Everyday Bipolar Disorder and Order
The importance of owning your ambivalences, and how to do it
Posted Jan 15, 2015
Jessica runs hot and cold about her partner Mark.
It’s natural. She was badly hurt in her last relationship, which didn’t end that long ago.
Trouble is, she prides herself on her integrity by which she means her consistency, the very quality she lacks most as she toggles between talking like she’s romance’s greatest champion and talking like she’s a skeptical realist kicking the tires on her new guy. When she’s in either mood she assumes it the mood she’s always in. She can’t remember from mood to mood that her moods swing.
Mark tries to match moods with her but ends up being romantic when she’s skeptical and skeptical when she’s romantic. She blames him for his inconsistency.
But Mark is actually happy to admit he is of two minds. Who wouldn’t be? Partnership is so intimate you’ve got to be careful who you do it with. He doesn’t mind that she’s romantic and skeptical. Half in, half out. They haven’t been partners that long, so of course they’ll bounce between a committed “How can I make this work?” and a skeptical, “Can I make this work?”
Still, her proud claim of having “integrity” is beginning to cause him doubt. She claims consistency she doesn’t exhibit. He worries that she can’t see herself talking out of both sides of her mouth. He’s worried that she’s too proud for the kind of introspection he needs in a partner.
She’s not bipolar in the clinical sense but she hasn’t integrated her two sides. Call it Everyday Bipolar Disorder, and Mark’s alternative Everyday Bipolar Order, in other words integrating and bringing order to one’s ambivalent tugs.
Everyday bipolar disorder is not a female or male problem; it’s a human problem. The solution is not amputating tugs but owning them.
We drive each other crazy when we pretend we’re consistent and aren’t. Our proud claims of integrity make it always the other person’s fault that they’re not on whichever side of the coin we’ve flipped to. We demand that they indulge our inconsistency because we lack the self-discipline, or self-awareness to admit to it.
Stevie Wonder sang, “Everybody’s got a thing but some don’t know how to handle it.” About Everyday Bipolar Disorder we might instead sing, “Everybody’s got two things but some don’t know how to handle them.”
The serenity prayer captures embraced ambivalence brilliantly. As a stated quest for wisdom, it admits we don’t always have it. By distinguishing the opposite tugs, serenity and courage, it inventories our ambivalence. The only thing as bad as accepting what we could improve, is trying to improve what can’t be improved. No wonder we’re torn. When you can’t tell whether something’s improvable, it's impossible to be sure.
The serenity prayer’s structure can be applied to all of the basic dilemmas we face. Good to meditate on them all. For example:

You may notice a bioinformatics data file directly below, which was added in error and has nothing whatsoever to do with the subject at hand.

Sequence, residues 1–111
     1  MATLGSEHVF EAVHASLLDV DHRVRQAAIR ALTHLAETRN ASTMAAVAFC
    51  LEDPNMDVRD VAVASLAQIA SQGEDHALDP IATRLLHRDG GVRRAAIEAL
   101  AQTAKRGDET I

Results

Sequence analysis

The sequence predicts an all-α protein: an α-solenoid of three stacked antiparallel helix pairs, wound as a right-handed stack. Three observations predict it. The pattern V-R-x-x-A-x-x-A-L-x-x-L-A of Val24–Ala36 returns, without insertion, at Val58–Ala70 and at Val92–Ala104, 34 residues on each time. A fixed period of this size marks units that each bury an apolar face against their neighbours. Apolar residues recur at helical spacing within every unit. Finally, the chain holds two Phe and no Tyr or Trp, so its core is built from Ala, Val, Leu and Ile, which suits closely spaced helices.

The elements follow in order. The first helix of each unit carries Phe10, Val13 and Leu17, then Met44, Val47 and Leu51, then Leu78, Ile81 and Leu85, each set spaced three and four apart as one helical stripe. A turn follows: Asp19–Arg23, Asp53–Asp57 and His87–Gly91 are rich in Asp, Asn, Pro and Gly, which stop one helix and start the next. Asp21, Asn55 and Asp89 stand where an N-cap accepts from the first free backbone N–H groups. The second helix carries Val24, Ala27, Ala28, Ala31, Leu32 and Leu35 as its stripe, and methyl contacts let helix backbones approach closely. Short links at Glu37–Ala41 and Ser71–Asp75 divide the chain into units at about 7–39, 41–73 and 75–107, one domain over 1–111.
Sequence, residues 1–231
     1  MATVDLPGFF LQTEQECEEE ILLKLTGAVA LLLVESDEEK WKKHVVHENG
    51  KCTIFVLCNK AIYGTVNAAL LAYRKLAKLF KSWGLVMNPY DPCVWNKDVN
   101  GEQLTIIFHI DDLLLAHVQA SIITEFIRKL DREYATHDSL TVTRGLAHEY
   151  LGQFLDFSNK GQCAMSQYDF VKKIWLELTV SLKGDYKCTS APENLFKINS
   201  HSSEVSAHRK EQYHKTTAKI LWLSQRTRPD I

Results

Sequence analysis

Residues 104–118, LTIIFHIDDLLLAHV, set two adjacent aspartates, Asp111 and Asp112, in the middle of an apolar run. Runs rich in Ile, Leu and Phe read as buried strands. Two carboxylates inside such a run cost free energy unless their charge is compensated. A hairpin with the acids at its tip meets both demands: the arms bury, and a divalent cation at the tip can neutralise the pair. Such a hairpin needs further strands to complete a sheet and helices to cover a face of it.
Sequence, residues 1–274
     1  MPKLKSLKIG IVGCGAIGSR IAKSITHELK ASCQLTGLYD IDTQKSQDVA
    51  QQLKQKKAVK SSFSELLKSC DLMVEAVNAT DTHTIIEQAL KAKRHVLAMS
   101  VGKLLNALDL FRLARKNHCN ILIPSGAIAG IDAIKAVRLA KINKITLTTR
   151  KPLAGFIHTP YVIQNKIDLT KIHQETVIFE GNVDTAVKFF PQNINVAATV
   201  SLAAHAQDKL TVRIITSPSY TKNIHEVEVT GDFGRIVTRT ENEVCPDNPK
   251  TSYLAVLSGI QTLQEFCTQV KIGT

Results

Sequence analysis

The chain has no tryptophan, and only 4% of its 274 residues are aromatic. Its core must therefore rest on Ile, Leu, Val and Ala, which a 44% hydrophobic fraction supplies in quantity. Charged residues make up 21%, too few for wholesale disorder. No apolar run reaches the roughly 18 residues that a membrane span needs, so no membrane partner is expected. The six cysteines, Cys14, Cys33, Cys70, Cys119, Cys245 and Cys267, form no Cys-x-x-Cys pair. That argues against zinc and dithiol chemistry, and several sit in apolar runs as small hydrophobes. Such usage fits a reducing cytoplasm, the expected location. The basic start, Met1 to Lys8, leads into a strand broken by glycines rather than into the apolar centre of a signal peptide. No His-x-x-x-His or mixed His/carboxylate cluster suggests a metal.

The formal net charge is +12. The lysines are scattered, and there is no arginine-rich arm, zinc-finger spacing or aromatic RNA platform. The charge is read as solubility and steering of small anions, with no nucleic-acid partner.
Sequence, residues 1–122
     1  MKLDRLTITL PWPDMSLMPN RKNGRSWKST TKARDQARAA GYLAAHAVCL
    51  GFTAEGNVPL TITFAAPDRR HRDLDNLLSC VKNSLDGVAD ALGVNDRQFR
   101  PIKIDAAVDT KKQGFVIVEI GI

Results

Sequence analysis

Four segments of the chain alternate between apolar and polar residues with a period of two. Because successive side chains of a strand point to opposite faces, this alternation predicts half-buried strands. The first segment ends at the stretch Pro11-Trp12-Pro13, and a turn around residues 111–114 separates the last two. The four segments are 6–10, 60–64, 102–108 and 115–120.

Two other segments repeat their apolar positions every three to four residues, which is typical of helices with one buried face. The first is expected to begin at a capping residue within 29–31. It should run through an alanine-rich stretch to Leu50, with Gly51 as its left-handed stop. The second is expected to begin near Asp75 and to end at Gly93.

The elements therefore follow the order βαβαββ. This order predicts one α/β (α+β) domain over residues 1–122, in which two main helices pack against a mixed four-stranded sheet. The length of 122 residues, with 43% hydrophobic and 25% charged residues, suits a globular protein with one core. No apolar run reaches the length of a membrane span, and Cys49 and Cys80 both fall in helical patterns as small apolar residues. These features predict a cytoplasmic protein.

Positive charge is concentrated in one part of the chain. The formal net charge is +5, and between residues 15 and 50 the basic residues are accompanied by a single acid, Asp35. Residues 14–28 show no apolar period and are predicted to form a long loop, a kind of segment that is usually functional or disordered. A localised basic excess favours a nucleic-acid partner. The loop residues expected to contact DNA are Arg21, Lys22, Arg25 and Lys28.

When should I commit and when should I pull back?
When should I attend to something and when should I ignore it?
When should I speak my mind and when should I bite my tongue?
When should I delay gratification and when should I go for immediate gratification?
Meditating on these serenity prayers is one tip for getting better at integrating your ambivalences. Here are a few others:
Become psychologically bi-curious: Notice when you talk out of both sides of your mouth, and be receptive when people suggest that you are. Don’t deny it automatically. Get curious about what tugs you in opposite directions. Do you find yourself wishing your partner would give you more attention and at the same time wishing you had more freedom? If so, admit it. There’s dignity to be had in admitting you want opposite things. Stop pretending you don’t.
Use Your U-Turn Signals: Get better at saying, “I’m of two minds.” Integrate into your self-reports more of those u-turn signals that make it easy to talk about being of two minds, terms like still, although, and yet, nevertheless, and, on the one hand…on the other hand.
Go On A Platitude-Free Diet: Wean yourself off those pious half-truths trotted out as whole truths you never live by consistently. Things like:
Love is the answer (It isn’t. It’s the question: what to love and how?)
You can’t change anyone. All you can do is change yourself. (If so why are trying to convince us that you can’t change anyone?)
Don’t be judgmental (A two-faced statement, since the statement itself is a judgment.)
You can do anything if you put your mind to it (Not true. Not anything. We are some-nipotent and the question suggested by the serenity prayer is what is worth trying to change.)
These platitudes are just the sort of things people say when they’re of two minds but at the moment admitting to only one of them.
Don’t cut yourself “exempt by contempt” slack: Stop pretending that inconsistency is another persons' problem. Avoid playing the “exempt by contempt” game: “Me, inconsistent? How could I be? I hate inconsistency.” Assume that what other people do, you do also.
Redefine integrity: Integrity isn’t feeling the same way always, it’s knowing how you feel even when you feel ambivalent. That’s the kind of integrity that makes people trust you most.